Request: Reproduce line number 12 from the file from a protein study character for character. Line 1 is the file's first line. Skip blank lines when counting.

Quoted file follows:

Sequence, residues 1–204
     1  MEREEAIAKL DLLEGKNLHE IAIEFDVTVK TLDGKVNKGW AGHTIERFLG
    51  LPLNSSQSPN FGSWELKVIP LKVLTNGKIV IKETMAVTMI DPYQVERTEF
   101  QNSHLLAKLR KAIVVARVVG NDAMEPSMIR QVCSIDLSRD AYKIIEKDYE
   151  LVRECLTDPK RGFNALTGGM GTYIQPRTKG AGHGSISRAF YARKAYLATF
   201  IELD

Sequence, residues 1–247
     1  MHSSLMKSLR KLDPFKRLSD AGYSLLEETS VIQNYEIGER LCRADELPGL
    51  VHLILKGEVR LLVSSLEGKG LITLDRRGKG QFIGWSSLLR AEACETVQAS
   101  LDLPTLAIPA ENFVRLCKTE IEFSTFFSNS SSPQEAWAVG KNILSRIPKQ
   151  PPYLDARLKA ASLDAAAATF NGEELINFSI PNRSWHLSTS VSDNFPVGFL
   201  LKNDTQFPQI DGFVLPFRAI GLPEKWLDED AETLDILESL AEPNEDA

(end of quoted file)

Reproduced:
   201  LKNDTQFPQI DGFVLPFRAI GLPEKWLDED AETLDILESL AEPNEDA